Against hair loss, but also seborrheic dermatitis of the scalp and brittle hair, from today there is an additional ally to count on, a small American palm, the serenoa repens, whose extracts are called saw palmetto. Saw palmetto, whether used as an oral supplement or as a topical cosmetic, has been shown to be beneficial to counteract hair loss and excessive sebum production that can affect the skin and also to give strength and body to the hair. This emerges from a recent review that appeared in the Skin Appendage Disorders magazine thanks to the work of an American team from the University of California (Evron et al, Skin Appendage Disord, 2020).
The benefits of saw palmetto
An extract called saw palmetto is obtained from the berries of the serenoa repens dwarf palm. Saw palmetto contains fatty acids, phytosterols, beta carotene and vitamins E. The characteristic of saw palmetto is that it has an antiandrogenic action, that is, capable of preventing the effects of androgens on the most sensitive tissues of the body. Precisely for this property, saw palmetto can be used in case of benign prostatic hypertrophy. However, the most famous application of saw palmetto is related to hair health, being used as an aid in case of androgenetic alopecia, the most common cause of hair loss in men, but also telogen effluvium, which is an intense hair loss, but temporary, and seborrheic dermatitis. The review analyzes the results of studies bout saw palmetto in these cases to evaluate its real effectiveness.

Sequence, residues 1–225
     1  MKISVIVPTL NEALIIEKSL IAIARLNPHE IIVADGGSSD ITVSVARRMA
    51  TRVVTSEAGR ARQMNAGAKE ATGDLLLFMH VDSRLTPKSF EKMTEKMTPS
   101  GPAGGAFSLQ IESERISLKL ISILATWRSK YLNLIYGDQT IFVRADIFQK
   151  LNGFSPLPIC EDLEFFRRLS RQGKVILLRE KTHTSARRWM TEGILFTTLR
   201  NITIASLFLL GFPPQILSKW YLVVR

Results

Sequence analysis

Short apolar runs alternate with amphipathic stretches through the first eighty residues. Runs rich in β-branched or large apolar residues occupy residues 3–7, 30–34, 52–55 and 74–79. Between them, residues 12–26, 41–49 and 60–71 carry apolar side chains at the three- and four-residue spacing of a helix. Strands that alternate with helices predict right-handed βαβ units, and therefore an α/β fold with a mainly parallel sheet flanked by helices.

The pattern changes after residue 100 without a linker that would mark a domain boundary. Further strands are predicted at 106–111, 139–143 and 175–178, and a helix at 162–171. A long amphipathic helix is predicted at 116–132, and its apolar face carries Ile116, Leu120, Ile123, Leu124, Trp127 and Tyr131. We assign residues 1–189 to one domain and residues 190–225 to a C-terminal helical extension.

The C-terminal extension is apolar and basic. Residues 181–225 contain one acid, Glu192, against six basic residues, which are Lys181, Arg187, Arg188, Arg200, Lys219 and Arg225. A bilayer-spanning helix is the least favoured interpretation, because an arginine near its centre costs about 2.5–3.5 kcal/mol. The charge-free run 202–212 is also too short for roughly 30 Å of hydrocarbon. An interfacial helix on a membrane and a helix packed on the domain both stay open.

Saw palmetto stimulates hair regrowth
What emerges from the review is that both the oral use, through supplements, and the topical use, through shampoos or specific products, of saw palmetto allowed hair regrowth in the presence of alopecia androgenetics and telogen effluvium. Not only that, these products have also made the hair less brittle and more full-bodied. In general, the number of hairs increased from 4 to 27% in almost all of the study participants and the quality of the hair improved in more than 60% of the volunteers who underwent treatment, appearing less fragile and more full-bodied. Finally, saw palmetto also shows an anti-inflammatory effect, useful in case of skin inflammations such as seborrheic dermatitis that can affect the scalp.
Saw palmetto, warnings
Saw palmetto is generally well tolerated. However, given its ability to act on a hormonal level, other long-term studies will have to follow to test its total safety. In any case, especially in the case of oral intake, ask your doctor for advice before starting any treatment.